China is stepping up its censorship of online conversations, according to reports, with the country's ISPs and internet companies having agreed to increasingly aid surveillance of Chinese citizens.
Reuters reported on Sunday that Sina Corp, Maidu and Alibaba were among companies to have negotiated the agreement with state officials. The firms will "conscientiously safeguard the broadcasting of positive measures online", Reuters quotes state news agency Xinhua as saying.
Internet companies and service providers have agreed to "resolutely curb the spread of rumours online, online pornography, internet fraud and the illegal spread of harmful information on the internet," the report stated, adding that industry and IT minister Miao Wei ordered the firms to invest more in "tracking surveillance".
According to the report, Chinese microblog firms already monitor what their customers are saying, blocking and removing unacceptable comments.
Several US-based companies have also acceded to Beijing's demands, as they have to do so to continue to operate in the enormous Chinese market. Microsoft, for one, has never appeared outwardly squeamish about adhering to the directives of the Chinese authorities.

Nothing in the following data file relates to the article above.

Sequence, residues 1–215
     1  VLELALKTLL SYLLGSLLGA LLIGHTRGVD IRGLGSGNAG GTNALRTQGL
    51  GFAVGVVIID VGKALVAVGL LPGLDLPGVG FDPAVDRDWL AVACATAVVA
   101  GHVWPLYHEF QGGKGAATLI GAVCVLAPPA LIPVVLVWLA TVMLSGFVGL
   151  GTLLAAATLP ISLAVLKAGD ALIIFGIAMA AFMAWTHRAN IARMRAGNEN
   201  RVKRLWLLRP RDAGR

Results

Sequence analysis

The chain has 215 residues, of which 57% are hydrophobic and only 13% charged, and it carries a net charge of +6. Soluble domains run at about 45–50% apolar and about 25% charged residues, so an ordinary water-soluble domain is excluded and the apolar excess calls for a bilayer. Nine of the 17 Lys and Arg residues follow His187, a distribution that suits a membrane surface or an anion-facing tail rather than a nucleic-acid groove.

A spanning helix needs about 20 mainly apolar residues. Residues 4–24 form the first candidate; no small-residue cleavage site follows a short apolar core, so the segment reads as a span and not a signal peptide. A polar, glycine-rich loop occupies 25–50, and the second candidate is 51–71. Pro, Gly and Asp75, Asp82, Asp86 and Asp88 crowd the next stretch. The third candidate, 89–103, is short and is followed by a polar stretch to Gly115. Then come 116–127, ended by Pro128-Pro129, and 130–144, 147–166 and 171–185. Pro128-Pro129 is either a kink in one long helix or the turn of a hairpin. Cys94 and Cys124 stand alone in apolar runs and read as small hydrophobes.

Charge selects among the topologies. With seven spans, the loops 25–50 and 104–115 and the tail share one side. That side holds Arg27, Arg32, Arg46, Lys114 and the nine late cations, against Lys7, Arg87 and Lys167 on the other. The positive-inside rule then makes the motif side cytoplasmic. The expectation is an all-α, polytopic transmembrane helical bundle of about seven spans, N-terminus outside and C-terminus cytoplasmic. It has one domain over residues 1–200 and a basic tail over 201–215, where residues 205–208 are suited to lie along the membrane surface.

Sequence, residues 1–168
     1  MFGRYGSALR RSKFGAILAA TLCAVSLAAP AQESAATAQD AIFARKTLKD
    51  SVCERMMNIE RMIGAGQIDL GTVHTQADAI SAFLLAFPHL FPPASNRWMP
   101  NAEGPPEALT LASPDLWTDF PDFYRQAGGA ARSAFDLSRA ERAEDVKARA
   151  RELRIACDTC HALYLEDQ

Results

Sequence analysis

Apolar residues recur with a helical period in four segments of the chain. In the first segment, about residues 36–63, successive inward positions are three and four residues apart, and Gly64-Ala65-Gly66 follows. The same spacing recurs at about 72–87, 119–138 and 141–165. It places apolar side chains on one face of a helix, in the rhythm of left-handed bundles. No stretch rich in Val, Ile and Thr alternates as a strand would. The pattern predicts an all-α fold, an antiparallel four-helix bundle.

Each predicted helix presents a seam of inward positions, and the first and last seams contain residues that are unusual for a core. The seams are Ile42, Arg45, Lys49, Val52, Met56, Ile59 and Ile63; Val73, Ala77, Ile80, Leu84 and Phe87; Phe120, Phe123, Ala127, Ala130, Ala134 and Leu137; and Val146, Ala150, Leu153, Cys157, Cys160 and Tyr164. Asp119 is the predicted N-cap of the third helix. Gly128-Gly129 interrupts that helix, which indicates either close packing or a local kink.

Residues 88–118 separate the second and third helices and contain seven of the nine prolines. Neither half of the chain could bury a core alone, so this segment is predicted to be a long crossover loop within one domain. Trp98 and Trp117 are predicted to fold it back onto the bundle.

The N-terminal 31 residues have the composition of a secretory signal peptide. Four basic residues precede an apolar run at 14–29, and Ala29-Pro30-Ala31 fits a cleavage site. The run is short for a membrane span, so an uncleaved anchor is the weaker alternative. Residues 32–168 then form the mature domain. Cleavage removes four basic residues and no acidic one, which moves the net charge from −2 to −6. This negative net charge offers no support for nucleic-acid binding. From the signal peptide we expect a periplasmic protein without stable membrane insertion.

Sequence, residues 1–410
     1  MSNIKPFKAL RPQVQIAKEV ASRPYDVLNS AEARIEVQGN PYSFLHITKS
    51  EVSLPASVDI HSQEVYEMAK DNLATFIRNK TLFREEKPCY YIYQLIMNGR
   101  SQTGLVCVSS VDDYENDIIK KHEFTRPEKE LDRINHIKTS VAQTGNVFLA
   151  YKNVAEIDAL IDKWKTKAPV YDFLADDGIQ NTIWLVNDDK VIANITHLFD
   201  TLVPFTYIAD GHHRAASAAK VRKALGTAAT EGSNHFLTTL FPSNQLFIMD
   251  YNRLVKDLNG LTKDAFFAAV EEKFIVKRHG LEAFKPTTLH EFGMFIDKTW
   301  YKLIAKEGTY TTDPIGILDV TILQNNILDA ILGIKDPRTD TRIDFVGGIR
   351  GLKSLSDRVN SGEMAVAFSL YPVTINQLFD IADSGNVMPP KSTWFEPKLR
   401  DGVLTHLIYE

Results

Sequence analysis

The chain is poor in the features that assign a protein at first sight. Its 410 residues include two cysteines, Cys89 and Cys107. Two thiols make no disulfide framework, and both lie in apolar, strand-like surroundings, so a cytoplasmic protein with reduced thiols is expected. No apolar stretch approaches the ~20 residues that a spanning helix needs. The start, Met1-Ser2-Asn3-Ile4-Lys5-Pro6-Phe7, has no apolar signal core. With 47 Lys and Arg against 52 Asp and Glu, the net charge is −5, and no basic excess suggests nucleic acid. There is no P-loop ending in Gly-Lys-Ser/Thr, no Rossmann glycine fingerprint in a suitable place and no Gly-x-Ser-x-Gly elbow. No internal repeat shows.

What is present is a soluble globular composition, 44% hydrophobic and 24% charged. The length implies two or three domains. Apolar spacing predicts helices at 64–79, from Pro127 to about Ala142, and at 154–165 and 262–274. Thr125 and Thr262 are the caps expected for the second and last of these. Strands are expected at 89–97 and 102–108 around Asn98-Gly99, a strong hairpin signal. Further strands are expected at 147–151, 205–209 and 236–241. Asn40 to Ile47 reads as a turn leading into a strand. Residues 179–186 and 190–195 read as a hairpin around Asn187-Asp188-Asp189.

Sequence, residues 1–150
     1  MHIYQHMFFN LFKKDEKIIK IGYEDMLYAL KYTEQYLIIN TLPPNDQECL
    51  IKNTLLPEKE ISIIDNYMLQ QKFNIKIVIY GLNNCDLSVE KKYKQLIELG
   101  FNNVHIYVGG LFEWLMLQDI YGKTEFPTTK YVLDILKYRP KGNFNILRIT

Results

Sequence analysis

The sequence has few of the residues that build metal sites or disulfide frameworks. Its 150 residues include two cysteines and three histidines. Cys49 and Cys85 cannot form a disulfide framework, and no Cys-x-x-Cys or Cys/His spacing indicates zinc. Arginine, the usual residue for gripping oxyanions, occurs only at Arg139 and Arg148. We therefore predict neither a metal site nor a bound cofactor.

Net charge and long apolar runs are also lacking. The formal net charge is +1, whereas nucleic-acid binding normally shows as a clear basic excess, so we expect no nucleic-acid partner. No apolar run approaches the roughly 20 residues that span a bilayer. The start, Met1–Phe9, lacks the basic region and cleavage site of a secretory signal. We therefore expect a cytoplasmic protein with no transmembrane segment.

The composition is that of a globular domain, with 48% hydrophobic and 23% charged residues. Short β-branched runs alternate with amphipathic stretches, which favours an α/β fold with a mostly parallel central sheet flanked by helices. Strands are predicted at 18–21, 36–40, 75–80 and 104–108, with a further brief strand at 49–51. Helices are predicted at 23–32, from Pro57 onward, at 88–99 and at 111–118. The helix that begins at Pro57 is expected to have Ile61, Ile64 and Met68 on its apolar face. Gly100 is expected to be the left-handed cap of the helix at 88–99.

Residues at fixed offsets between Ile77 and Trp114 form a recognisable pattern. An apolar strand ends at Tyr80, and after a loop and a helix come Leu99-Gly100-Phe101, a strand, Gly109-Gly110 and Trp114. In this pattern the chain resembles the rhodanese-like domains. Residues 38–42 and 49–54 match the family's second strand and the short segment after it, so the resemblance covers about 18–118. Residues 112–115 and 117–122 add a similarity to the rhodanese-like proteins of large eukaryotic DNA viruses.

Google has been the most recalcitrant of the US web giants, having stopped the censorship of its results in 2010. It subsequently made a compromise that kept its Chinese operations going, by directing search queries made in China to Google Hong Kong.
A Wikileaks cable published in September revealed a major reason for Google's willingness from 2006 to 2010 to censor its results in China: the internet in China effectively has one gateway to the outside world.
With the large scale of Chinese service usage, this bottleneck makes hosting services from outside China impractical, so they need to be hosted inside the country. Doing this means abiding by Chinese laws, including those on censorship.
Last week British foreign minister William Hague called for "a future for cyberspace which is not stifled by government control or censorship".
Two months earlier, following the UK riots in the summer, prime minister David Cameron briefly floated the idea of blocking access to social networking services such as Twitter and BlackBerry Messenger (BBM) in the event of future mass violence.
However, Hague denied accusations of hypocrisy, saying the government had decided blocking was not the way to go, and insisting that "Britain will always be on the side of people aspiring for political and economic freedom, in the Middle East and around the world".